Eighty per cent of Rwandan households are able to meet their essential food needs, a new survey has revealed.
The Comprehensive Food Security and Vulnerability Analysis (CFSVA) 2015 report, was released on Tuesday.
The study was jointly carried out by the National Institute of Statistics Rwanda (NISR), ministry of Agriculture and Animal resources (MINAGRI) and World Food Programme (WFP).
During the dissemination of the study results, Innocent Musabyimana the Permanent Secretary in the Ministry of Agriculture noted that while Malnutrition in Rwanda is above the African average, it was still below the national targets.
The study, that is carried out every three years showed a one percent increase in food secure households compared to 2012.
The reports pointed out that there are 63,696 households that are food insecure.
Districts in the Northern and Western Province have the highest number of food insecure households.
“Although the Western province holds 22 per cent of the country’s households, the province also accommodates 42 per cent of Rwanda’s households which are considered ‘severely food insecure’,” the report further reads.
Kigali is the most food secure province, according to the report.
Musabyimana said that, poor mindset, illiteracy, and insufficient/acidic land for farming are among the identified drivers of food insecurity, and are the most likely causes of stunting, especially among rural people.
The report shows that 70 per cent of households depend on food from the market.
The survey further notes that food is “generally available” in markets and well-developed infrastructure allows food to move across the country and between countries in the region.
Malnutrition ‘still a problem’
The report also indicates high levels of malnutrition among children under five years. The survey indicates that malnutrition now stands at 36.7 per cent. Though this is better than the 43 per cent in 2012, the numbers are still worrying.
According to the report, the nutritional status of children under five years has slightly improved, with lower wasted, stunted and underweight children.
The report shows that, “Rwanda’s development policies and programmes to combat malnutrition have yielded positive results.”
“The average annual rate of reduction in stunting in Rwanda is in fact above the African average, but still behind best practice countries such as Brazil.
“Special and concerted efforts by the government, development partners and stakeholders, are required to meet the national target to reduce malnutrition to 18 per cent 2018,” Musabyimana said.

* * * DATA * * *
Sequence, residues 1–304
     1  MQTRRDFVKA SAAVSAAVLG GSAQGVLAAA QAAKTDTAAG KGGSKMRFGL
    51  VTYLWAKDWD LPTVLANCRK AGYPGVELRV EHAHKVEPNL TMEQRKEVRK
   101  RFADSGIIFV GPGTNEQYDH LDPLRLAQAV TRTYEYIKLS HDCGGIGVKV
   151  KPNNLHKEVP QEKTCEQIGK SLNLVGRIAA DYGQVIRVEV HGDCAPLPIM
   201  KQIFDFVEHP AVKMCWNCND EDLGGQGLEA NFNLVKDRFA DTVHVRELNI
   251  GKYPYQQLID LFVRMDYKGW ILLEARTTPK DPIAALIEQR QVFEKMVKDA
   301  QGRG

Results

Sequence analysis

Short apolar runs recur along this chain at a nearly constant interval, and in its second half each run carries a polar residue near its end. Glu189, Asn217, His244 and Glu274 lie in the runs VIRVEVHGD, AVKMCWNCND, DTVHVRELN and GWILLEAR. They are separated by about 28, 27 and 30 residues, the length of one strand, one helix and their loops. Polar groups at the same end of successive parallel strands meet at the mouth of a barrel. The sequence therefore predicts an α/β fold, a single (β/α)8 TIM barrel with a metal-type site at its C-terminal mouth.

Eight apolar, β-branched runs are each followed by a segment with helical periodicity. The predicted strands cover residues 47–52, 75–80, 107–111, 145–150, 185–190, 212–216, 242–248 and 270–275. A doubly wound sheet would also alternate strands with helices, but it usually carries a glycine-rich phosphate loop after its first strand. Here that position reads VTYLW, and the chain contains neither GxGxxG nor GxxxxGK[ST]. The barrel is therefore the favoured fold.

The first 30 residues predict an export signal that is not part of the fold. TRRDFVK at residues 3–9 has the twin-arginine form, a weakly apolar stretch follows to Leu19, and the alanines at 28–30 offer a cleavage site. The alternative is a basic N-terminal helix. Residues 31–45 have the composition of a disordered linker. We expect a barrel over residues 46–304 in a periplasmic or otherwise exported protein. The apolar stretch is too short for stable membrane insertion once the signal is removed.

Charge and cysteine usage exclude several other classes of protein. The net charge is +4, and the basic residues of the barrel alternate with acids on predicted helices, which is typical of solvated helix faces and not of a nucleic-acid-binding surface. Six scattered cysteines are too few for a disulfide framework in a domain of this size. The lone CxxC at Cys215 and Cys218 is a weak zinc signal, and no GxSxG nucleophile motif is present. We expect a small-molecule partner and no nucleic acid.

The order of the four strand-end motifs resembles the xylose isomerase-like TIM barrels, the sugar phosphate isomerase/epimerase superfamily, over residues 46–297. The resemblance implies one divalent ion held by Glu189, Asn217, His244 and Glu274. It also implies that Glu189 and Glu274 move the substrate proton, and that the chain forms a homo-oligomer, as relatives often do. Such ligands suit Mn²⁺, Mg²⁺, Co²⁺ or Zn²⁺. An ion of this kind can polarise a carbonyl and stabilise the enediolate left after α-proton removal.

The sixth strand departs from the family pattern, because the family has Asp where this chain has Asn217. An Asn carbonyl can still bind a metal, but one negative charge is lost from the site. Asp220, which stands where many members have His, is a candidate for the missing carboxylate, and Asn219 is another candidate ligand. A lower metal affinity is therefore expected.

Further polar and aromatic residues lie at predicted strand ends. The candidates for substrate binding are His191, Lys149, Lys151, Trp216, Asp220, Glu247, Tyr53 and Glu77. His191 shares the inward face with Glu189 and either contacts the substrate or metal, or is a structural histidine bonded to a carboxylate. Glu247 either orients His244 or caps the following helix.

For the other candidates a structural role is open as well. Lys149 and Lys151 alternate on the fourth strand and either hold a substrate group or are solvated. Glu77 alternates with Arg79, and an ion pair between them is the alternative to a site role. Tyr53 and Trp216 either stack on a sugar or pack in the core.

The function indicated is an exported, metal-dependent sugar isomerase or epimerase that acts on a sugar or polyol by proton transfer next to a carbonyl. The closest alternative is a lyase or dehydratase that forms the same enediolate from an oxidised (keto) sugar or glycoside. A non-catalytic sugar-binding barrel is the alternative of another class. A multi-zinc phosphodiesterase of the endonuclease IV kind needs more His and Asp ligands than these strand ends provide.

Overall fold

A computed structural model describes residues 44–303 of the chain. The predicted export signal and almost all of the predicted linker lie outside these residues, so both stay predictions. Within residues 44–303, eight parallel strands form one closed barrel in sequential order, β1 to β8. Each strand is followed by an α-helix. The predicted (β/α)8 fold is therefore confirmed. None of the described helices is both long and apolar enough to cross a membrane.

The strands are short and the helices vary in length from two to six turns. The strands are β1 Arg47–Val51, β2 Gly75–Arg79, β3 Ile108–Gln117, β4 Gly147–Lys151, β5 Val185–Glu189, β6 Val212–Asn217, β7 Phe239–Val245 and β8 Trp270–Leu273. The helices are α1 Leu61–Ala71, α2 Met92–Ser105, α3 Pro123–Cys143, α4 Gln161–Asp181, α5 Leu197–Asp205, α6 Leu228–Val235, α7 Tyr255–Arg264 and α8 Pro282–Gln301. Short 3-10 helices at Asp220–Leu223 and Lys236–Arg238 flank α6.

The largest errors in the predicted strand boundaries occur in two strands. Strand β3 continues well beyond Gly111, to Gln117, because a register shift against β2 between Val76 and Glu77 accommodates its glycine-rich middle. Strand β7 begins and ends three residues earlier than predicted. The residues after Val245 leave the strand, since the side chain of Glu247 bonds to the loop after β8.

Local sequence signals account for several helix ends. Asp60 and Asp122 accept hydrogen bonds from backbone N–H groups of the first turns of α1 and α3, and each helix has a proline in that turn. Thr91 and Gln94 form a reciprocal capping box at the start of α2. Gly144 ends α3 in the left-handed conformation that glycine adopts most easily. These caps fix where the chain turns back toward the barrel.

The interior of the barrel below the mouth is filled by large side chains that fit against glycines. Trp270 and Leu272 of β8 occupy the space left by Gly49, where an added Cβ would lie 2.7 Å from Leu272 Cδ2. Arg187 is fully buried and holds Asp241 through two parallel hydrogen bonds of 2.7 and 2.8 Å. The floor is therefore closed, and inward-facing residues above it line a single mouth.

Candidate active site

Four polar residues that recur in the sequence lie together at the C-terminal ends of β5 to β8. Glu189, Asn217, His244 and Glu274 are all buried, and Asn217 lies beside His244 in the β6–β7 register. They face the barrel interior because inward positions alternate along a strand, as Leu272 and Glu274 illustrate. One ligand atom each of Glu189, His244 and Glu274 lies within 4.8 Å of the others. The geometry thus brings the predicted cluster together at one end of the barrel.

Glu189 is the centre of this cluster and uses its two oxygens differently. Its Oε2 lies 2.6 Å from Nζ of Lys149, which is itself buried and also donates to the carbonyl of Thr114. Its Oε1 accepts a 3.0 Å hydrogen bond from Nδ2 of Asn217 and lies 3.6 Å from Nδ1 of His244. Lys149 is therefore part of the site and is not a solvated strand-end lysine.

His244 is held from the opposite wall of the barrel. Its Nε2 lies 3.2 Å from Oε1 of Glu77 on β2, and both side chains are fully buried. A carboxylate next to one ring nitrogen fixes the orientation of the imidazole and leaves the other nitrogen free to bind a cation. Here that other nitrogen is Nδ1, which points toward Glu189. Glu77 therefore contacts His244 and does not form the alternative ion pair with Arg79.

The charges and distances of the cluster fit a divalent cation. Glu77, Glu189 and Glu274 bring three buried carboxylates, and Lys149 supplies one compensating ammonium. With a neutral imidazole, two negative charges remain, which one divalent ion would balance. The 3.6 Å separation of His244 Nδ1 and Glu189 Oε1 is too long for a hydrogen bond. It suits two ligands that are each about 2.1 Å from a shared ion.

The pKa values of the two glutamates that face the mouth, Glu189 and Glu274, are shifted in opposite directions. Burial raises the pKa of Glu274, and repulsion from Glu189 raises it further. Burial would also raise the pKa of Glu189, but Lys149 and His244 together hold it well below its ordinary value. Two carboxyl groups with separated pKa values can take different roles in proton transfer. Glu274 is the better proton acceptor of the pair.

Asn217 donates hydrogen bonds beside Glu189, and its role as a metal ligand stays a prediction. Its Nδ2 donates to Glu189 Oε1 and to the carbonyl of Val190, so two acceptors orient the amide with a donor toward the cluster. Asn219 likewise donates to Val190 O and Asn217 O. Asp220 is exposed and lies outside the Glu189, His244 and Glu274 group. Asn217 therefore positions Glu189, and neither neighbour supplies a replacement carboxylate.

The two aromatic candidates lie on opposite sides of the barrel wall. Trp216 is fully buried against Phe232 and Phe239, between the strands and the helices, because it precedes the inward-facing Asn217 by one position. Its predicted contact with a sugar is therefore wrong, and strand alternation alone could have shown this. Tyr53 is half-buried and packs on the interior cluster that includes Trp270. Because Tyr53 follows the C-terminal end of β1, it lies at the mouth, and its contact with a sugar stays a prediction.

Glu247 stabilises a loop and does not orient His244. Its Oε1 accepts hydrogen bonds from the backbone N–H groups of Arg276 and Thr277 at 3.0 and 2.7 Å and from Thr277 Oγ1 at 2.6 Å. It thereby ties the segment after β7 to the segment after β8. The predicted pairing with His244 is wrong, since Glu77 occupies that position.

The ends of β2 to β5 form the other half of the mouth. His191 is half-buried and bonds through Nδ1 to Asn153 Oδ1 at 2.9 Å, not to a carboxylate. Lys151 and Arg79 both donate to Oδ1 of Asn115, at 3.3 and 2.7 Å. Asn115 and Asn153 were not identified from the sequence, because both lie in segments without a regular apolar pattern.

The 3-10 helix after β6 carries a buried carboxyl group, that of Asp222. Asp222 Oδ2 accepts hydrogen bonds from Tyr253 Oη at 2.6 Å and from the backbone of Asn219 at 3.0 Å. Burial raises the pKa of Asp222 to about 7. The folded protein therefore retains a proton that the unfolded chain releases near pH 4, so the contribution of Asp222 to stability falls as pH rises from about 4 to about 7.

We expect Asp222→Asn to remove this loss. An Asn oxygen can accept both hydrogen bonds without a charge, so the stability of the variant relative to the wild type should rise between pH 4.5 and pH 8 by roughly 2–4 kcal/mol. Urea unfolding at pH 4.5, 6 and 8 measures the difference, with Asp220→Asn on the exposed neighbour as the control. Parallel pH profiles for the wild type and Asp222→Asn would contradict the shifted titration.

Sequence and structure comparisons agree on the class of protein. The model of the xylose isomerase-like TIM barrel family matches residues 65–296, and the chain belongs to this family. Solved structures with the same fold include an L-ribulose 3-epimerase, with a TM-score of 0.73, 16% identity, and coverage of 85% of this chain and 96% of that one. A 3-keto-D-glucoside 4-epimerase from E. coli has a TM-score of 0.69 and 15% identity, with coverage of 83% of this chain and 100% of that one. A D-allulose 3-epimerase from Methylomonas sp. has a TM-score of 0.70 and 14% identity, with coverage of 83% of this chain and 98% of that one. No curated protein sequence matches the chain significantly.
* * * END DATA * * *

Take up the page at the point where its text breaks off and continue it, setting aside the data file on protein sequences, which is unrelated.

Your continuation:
Some experts say that the malnourishment would have increased further had the stakeholders adjusted minimum acceptable diet.
The New Times understands that, since 2010 there has been no change in minimum acceptable diet, and experts say, a change would reduce malnourishment and stunting amongst children.
Jean Pierre de Margerie, the country director of WFP, noted that, the 2015 CFSVA report, “offers an insight into the characteristics and causes of malnutrition in Rwanda, and will significantly help the government in setting up needed mechanisms to improve on food security and malnutrition cases.”
The survey indicates a geographic divide in malnutrition prevalence, with rural areas being the most affected, at 40 per cent, compared to 27 per cent malnutrition rates in urban areas.
The report recommends enhanced efforts and initiatives to reach the most vulnerable people living in rural areas, particularly by expanding social safety nets.
The report also calls for scaling up and implementation of interventions to assist households experiencing seasonal food insecurity.
Key strategies to combat malnutrition include, increasing access by school and pre-school children to nutritious food and flagship programmes such as the One Cow per Poor Family Programme ‘Girinka’ , the One Cup of Milk per Child Programme and the Home- grown School Feeding initiated by the agricultural sector—which WFP says have contributed significantly to the fight against hunger and malnutrition in Rwanda.
Around 230,000 cows have so far been distributed to poor and vulnerable families under the Girinka programme, thus helping them to get access milk for home consumption, manure for crop production and an additional source of income.
The One Cup of Milk per Child programme has helped improve consistency of class attendance for school children, contributed to improved child health, and reduced the number of school drop-outs. Up to 85,448 children benefited from the scheme in the 2014/15 fiscal year and received 1,545,814 litres of milk.